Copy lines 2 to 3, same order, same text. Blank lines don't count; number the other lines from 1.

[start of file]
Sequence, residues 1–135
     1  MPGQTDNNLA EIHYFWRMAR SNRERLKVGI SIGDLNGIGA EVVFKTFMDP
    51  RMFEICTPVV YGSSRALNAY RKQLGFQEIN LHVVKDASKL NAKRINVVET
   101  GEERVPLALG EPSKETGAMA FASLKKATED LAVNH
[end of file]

     1  MPGQTDNNLA EIHYFWRMAR SNRERLKVGI SIGDLNGIGA EVVFKTFMDP
    51  RMFEICTPVV YGSSRALNAY RKQLGFQEIN LHVVKDASKL NAKRINVVET